Coen K.M. Boerhout1, MD; Guus A. de Waard2, MD, PhD; Joo Myung Lee3, MD, PhD; Hernan Meija-Renteria4, MD, PhD; Seung Hun Lee5, MD, PhD; Ji-Hyun Jung6, MD; Masahiro Hoshino7, MD; Mauro Echavarria-Pinto8, MD, PhD; Martijn Meuwissen9, MD, PhD; Hitoshi Matsuo7, MD, PhD; Maribel Madera-Cambero10, MD; Ashkan Eftekhari11, MD, PhD; Mohamed A. Effat12; Tadashi Murai13, MD; Koen Marques2, MD, PhD; Yolande Appelman2, MD, PhD; Joon-Hyung Doh14, MD, PhD; Evald Høj Christiansen11, MD, PhD; Rupak Banerjee15; Chang-Wook Nam16, MD, PhD; Giampaolo Niccoli17, MD, PhD; Masafumi Nakayama7,18, MD, PhD; Nobuhiro Tanaka19, MD, PhD; Eun-Seok Shin20, MD, PhD; Marcel A.M. Beijk1, MD, PhD; Paul Knaapen2, MD, PhD; Javier Escaned4, MD, PhD; Tsunekazu Kakuta13, MD, PhD; Bon-Kwon Koo21, MD, PhD; Tim P. van de Hoef1,2,22, MD; Jan J. Piek1, MD, PhD
1. Department of Cardiology, Amsterdam UMC – location AMC, Amsterdam, the Netherlands; 2. Department of Cardiology, Amsterdam UMC – location VUmc, Amsterdam, the Netherlands; 3. Division of Cardiology, Department of Medicine, Heart Vascular Stroke Institute, Samsung Medical Center, Sungkyunkwan University School of Medicine, Seoul, Republic of Korea; 4. Hospital Clínico San Carlos, IDISSC, and Universidad Complutense de Madrid, Madrid, Spain; 5. Division of Cardiology, Department of Internal Medicine, Chonnam National University Hospital, Gwangju, Republic of Korea; 6. Sejong General Hospital, Sejong Heart Institute, Bucheon, Republic of Korea; 7. Gifu Heart Center, Department of Cardiovascular Medicine, Gifu, Japan; 8. Hospital General ISSSTE Querétaro - Facultad de Medicina, Universidad Autónoma de Querétaro, Querétaro, Mexico; 9. Department of Cardiology, Amphia Hospital, Breda, the Netherlands; 10. Tergooi Hospital, Department of Cardiology, Blaricum, the Netherlands; 11. Department of Cardiology, Aarhus University Hospital, Aarhus, Denmark; 12. Division of Cardiovascular Health and Diseases, Department of Internal Medicine, University of Cincinnati, Cincinnati, Ohio, USA; 13. Tsuchiura Kyodo General Hospital, Department of Cardiology, Tsuchiura City, Japan; 14. Department of Medicine, Keimyung University Dongsan Medical Center, Daegu, South Korea; 15. Mechanical and Materials Engineering Department, University of Cincinnati, Cincinnati, OH, USA; and Research Services, Veteran Affairs Medical Center, Cincinnati, OH, USA; 16. Department of Medicine, Inje University Ilsan Paik Hospital, Goyang, Republic of Korea; 17. Department of Cardiovascular Medicine, Catholic University of the Sacred Heart, Institute of Cardiology, Rome, Italy; 18. Cardiovascular Center, Toda Central General Hospital, Toda, Japan; 19. Department of Cardiology, Tokyo Medical University, Hachioji Medical Center, Tokyo, Japan; 20. Department of Cardiology, Ulsan University Hospital, University of Ulsan College of Medicine, Ulsan, Republic of Korea; 21. Department of Internal Medicine, Seoul National University Hospital, Cardiovascular Center, Seoul, Republic of Korea; 22. Department of Cardiology, NoordWest Ziekenhuisgroep, the Netherlands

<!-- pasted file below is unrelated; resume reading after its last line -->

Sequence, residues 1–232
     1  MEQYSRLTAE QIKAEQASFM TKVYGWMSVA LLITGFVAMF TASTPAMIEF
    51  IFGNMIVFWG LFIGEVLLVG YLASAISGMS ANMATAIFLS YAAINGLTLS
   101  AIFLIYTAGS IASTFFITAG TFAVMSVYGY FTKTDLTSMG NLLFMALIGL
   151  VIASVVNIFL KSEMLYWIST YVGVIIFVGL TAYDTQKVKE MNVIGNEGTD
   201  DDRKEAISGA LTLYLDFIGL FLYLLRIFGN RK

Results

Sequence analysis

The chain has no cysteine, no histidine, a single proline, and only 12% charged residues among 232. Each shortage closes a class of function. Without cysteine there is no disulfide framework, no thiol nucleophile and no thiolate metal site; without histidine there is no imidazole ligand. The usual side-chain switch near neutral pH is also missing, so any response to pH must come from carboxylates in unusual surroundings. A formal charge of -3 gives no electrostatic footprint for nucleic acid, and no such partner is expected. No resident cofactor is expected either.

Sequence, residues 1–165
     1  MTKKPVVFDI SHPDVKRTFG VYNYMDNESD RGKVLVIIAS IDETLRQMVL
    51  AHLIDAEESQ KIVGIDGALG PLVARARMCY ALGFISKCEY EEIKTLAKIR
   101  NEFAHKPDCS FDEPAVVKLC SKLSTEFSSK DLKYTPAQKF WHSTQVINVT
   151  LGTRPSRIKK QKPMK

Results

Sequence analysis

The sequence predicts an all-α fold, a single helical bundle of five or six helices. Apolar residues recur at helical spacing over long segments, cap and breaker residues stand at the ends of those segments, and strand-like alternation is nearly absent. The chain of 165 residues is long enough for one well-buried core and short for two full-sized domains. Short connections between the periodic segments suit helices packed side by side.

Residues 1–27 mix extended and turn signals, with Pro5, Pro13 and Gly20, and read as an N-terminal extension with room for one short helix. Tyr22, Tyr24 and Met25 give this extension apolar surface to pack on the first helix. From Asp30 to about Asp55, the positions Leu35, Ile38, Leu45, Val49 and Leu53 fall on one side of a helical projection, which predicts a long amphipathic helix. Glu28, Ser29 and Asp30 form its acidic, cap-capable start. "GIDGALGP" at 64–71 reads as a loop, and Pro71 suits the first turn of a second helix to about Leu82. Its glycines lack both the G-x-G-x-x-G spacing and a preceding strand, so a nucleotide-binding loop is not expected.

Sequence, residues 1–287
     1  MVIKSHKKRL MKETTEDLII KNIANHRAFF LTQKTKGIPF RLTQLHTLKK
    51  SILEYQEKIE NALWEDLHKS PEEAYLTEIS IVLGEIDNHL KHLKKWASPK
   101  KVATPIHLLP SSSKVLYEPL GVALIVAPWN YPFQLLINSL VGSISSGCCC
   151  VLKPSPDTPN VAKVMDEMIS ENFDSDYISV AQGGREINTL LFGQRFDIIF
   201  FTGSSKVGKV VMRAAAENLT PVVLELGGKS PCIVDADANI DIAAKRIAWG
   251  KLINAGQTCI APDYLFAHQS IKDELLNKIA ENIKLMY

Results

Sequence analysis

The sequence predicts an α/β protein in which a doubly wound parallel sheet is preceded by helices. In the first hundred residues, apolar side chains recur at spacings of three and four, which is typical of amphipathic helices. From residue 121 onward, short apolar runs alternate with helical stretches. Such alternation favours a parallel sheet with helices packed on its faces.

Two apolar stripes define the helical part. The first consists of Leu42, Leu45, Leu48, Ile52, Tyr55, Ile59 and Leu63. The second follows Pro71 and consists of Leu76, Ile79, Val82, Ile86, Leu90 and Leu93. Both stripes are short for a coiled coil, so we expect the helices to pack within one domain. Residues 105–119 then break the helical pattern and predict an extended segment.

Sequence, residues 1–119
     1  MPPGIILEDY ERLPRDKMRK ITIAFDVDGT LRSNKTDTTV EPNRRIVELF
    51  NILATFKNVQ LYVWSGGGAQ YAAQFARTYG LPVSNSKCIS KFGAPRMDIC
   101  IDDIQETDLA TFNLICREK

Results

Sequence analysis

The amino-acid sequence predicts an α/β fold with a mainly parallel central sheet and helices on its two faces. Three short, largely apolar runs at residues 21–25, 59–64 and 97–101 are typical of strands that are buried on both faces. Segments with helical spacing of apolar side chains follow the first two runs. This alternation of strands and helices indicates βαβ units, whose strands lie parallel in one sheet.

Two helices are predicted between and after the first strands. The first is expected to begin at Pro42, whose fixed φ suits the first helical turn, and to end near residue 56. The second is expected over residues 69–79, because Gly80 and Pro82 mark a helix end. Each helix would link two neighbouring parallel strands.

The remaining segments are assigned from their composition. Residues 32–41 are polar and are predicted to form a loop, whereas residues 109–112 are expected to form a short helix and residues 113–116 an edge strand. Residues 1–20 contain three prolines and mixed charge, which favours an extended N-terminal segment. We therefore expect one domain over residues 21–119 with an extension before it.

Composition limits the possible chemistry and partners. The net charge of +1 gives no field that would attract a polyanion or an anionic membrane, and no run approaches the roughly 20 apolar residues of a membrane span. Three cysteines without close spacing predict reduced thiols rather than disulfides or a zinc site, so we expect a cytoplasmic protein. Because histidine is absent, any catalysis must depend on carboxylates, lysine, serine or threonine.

Background: Coronary microvascular dysfunction (CMD) is an important contributor to angina syndromes. Recently, two distinct endotypes were identified using combined assessment of coronary flow reserve (CFR) and minimal microvascular resistance (MR), termed structural and functional CMD.
Aims: We aimed to assess the relevance of the combined assessment of CFR and MR in patients with angina and no obstructive coronary arteries.
Methods: Patients with chronic coronary syndromes (CCS) and non-obstructive coronary artery disease (fractional flow reserve [FFR] ≥0.80) were selected (N=1,102). Functional CMD was defined as abnormal CFR in combination with normal MR and structural CMD as abnormal CFR with abnormal MR. Clinical endpoints were the incidence of major adverse cardiac events (MACE) and target vessel failure (TVF) at 5-year follow-up.
Results: Abnormal CFR was associated with an increased risk of MACE and TVF at 5-year follow-up. Microvascular resistance parameters were not associated with MACE or TVF at 5-year follow-up. The risk of MACE and TVF at 5-year follow-up was similarly increased for patients with structural or functional CMD compared with patients with normal microvascular function. There were no differences between both endotypes (p=0.88 for MACE, and p=0.55 for TVF).
Conclusions: Coronary microvascular dysfunction, identified by an impaired CFR, was unequivocally associated with increased MACE and TVF rates over a 5-year follow-up period. In contrast, impaired MR was not associated with 5-year adverse clinical events. Moreover, there was no significant difference in the risk of MACE and TVF between a low CFR accompanied by pathologically increased MR (structural CMD) or not (functional CMD). ClinicalTrials.gov: NCT04485234
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coronary flow reservecoronary microvascular dysfunctionhyperaemic microvascular resistanceindex of microvascular resistanceprognosis
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